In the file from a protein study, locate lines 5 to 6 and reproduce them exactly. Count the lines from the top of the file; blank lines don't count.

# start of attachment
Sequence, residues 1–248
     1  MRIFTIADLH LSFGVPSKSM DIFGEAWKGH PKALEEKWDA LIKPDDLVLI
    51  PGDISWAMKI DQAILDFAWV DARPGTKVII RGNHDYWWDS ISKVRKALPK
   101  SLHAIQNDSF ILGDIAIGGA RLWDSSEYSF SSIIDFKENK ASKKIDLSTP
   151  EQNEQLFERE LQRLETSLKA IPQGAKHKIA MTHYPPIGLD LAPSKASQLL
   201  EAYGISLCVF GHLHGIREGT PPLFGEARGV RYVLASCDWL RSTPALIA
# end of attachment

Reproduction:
   151  EQNEQLFERE LQRLETSLKA IPQGAKHKIA MTHYPPIGLD LAPSKASQLL
   201  EAYGISLCVF GHLHGIREGT PPLFGEARGV RYVLASCDWL RSTPALIA